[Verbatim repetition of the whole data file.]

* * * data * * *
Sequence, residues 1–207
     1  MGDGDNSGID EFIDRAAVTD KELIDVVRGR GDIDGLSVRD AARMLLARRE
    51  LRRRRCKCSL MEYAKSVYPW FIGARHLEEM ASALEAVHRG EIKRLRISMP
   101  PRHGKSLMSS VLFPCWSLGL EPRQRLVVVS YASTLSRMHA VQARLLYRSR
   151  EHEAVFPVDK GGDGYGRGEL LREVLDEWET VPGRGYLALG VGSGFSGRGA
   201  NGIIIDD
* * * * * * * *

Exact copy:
Sequence, residues 1–207
     1  MGDGDNSGID EFIDRAAVTD KELIDVVRGR GDIDGLSVRD AARMLLARRE
    51  LRRRRCKCSL MEYAKSVYPW FIGARHLEEM ASALEAVHRG EIKRLRISMP
   101  PRHGKSLMSS VLFPCWSLGL EPRQRLVVVS YASTLSRMHA VQARLLYRSR
   151  EHEAVFPVDK GGDGYGRGEL LREVLDEWET VPGRGYLALG VGSGFSGRGA
   201  NGIIIDD